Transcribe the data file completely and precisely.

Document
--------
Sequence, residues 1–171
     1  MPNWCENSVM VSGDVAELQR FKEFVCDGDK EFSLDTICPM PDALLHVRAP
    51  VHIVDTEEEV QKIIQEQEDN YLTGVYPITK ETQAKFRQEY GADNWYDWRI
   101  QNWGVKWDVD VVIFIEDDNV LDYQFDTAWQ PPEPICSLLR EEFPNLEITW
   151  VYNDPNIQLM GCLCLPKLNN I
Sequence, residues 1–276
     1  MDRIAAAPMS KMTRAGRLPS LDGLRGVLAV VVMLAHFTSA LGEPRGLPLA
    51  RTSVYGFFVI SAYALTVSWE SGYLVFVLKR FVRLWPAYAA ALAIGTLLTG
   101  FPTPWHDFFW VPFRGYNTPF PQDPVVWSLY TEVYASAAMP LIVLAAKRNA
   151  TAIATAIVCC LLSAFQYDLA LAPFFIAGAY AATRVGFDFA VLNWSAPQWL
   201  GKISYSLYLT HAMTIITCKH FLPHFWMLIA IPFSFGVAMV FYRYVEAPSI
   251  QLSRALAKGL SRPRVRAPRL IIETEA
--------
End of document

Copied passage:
Sequence, residues 1–171
     1  MPNWCENSVM VSGDVAELQR FKEFVCDGDK EFSLDTICPM PDALLHVRAP
    51  VHIVDTEEEV QKIIQEQEDN YLTGVYPITK ETQAKFRQEY GADNWYDWRI
   101  QNWGVKWDVD VVIFIEDDNV LDYQFDTAWQ PPEPICSLLR EEFPNLEITW
   151  VYNDPNIQLM GCLCLPKLNN I
Sequence, residues 1–276
     1  MDRIAAAPMS KMTRAGRLPS LDGLRGVLAV VVMLAHFTSA LGEPRGLPLA
    51  RTSVYGFFVI SAYALTVSWE SGYLVFVLKR FVRLWPAYAA ALAIGTLLTG
   101  FPTPWHDFFW VPFRGYNTPF PQDPVVWSLY TEVYASAAMP LIVLAAKRNA
   151  TAIATAIVCC LLSAFQYDLA LAPFFIAGAY AATRVGFDFA VLNWSAPQWL
   201  GKISYSLYLT HAMTIITCKH FLPHFWMLIA IPFSFGVAMV FYRYVEAPSI
   251  QLSRALAKGL SRPRVRAPRL IIETEA